Amid those pleasant hours will none
Think kindly on what I have done?
Then, fairy page, I leave with thee,
Some memory of my songs and me.

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My slight and slender jasmine-tree,

That bloomest on my border tower, Thou art more dearly loved by me

Than all the wreaths of fairy bower :
I ask not, while I near thee dwell,

Arabia's spice, or Syria's rose,
Thy light festoons more freshly smell,

Thy virgin white more freshly glows.

My mild and winsome jasmine tree,

That climbest up the dark grey wall, Thy tiny flow'rets seem in glee,

Like silver spray-drops, down to fall : Say, did they from their leaves thus peep,

When mail'd moss-troopers rode the hill, When helmet warders paced the keep,

And bugles blew for Belted Will ?

My free and feathery jasmine-tree,

Within the fragrance of thy breath,
Yon dungeon grated to its key,

And the chain'd captive pined for death.
On border fray, on feudal crime,

I dream not, while I gaze on thee; The chieftains of that stern old time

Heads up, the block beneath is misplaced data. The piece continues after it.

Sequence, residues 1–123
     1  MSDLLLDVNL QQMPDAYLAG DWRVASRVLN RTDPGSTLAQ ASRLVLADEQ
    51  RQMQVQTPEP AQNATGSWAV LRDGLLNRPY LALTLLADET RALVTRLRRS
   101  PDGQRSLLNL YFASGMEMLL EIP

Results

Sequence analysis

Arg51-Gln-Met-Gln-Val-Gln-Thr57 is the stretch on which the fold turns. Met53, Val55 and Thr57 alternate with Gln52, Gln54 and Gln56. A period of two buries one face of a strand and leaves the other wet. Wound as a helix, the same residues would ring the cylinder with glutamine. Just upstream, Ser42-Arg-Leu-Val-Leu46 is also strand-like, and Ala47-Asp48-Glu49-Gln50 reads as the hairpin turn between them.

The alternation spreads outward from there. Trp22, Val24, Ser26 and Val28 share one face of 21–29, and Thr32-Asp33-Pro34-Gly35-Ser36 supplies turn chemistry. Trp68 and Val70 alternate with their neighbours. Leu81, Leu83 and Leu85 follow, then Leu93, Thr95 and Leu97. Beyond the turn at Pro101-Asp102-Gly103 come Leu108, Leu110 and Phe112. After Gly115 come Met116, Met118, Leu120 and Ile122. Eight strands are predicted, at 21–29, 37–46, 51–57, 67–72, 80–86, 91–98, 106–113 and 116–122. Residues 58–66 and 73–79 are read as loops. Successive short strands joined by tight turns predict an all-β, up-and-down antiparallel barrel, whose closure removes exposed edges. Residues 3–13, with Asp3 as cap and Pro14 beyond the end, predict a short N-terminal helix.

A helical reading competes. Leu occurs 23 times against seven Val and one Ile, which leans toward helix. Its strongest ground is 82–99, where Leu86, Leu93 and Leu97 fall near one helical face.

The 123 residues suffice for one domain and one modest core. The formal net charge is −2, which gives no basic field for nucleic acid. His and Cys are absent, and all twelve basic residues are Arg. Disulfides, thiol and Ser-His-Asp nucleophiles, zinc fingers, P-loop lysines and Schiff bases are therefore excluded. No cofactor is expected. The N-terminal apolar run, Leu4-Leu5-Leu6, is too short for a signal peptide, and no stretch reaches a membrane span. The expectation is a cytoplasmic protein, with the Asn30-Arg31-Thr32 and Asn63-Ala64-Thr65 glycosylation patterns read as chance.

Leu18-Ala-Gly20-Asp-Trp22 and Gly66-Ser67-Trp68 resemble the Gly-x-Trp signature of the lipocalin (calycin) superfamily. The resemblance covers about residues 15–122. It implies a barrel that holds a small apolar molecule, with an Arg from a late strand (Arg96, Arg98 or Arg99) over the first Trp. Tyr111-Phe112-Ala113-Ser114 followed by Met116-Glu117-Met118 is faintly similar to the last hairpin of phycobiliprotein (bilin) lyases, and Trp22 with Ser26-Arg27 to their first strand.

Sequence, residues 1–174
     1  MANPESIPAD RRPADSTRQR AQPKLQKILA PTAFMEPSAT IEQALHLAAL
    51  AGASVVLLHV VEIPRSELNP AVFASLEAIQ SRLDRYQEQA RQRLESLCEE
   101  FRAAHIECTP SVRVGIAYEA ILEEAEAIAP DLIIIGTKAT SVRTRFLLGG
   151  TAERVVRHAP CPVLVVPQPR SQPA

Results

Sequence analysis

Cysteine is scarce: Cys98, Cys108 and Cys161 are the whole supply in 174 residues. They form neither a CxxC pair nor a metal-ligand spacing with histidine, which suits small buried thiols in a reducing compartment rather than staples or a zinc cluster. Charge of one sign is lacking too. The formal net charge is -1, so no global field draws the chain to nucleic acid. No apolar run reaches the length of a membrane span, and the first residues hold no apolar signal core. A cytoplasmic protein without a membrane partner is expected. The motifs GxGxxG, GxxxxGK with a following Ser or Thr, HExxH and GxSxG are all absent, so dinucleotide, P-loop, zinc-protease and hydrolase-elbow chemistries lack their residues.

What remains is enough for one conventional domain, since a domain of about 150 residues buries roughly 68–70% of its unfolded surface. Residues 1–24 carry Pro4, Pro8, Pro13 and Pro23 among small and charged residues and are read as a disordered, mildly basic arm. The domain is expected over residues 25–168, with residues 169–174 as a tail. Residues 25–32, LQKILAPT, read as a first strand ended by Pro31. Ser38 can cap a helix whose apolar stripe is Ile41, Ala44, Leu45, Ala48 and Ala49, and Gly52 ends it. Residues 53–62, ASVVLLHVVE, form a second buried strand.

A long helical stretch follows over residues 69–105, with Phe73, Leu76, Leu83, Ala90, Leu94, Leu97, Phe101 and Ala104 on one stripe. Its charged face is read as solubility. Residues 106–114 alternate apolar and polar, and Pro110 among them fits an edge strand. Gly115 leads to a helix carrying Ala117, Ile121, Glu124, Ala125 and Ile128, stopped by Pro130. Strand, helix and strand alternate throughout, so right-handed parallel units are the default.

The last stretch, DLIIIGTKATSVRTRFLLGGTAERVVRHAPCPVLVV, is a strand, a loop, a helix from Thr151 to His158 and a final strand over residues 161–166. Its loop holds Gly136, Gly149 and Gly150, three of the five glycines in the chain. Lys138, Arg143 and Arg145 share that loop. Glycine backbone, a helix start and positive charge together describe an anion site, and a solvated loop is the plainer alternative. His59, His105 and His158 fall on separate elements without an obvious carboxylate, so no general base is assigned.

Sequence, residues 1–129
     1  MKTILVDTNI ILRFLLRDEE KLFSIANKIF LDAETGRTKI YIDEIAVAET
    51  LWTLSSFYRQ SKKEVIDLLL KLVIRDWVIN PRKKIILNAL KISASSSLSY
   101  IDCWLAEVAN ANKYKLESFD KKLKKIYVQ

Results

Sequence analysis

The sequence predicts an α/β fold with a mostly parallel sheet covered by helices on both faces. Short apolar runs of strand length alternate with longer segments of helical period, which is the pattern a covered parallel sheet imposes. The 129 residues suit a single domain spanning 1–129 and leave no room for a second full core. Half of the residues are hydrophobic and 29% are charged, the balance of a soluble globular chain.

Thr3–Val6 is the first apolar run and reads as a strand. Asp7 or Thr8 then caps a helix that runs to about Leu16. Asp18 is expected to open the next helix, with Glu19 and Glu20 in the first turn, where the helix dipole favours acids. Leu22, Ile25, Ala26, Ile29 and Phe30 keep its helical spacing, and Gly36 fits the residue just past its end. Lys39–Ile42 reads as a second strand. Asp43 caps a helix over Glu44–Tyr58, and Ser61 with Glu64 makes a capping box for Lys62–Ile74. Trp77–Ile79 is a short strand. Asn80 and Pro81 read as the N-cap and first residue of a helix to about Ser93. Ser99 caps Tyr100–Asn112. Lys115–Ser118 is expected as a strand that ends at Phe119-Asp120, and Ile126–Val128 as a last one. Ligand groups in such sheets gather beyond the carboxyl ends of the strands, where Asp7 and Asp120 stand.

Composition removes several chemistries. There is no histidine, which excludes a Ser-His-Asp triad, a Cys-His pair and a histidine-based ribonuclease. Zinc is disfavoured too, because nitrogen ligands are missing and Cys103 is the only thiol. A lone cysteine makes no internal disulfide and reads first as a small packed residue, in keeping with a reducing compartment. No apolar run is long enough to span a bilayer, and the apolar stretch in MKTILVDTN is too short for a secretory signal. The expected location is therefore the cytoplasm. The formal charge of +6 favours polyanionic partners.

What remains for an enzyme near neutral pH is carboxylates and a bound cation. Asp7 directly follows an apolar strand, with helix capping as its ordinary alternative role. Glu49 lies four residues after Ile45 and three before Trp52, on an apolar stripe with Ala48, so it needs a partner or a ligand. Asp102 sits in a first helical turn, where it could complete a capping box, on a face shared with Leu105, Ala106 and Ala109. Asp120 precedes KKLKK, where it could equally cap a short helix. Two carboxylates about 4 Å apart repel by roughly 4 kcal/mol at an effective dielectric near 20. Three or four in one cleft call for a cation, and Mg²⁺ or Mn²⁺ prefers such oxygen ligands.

Could ne'er have loved a jasmine-tree.


What men most covet, wealth, distinction, power,
Are baubles nothing worth, that only serve
To rouse us up, as children in the schools
Are roused up to exertion. The reward
Is in the race we run, not in the prize;
And they the few, that have it ere they earn it,
Having by favour or inheritance
These dangerous gifts placed in their idle hands,
And all that should await on worth well tried.
All in the glorious days of old reserved
For manhood most mature, or reverend age,
Know not, nor ever can, the generous pride
That glows in him who on himself relies
Entering the lists of life.




• In truth, the prison into which we doom

Ourselves, no prison is : and hence to me
In sundry moods 'twas pastime to be bound
Within the Sonnet's scanty plot of ground.”


THE SABBATH. How many blessed groups this hour are bending, Through England's primrose meadow paths their way, Towards spire and tower, 'midst shadowy elms ascending, Whence the sweet bell chimes the hallowed day. The Halls, from old heroic ages grey, Pour their fair children forth; and hamlets low, With whose thick orchard blooms the soft winds play, Send out their inmates in a happy flow, Like a freed vernal stream. I may not tread With them those pathways,—to the feverish bed Of sickness bound ;-yet, oh my God! I bless Thy mercy, that with Sabbath peace hath filled My chastened heart, and all its throbbings stilled To one deep calm of lowliest thankfulness.


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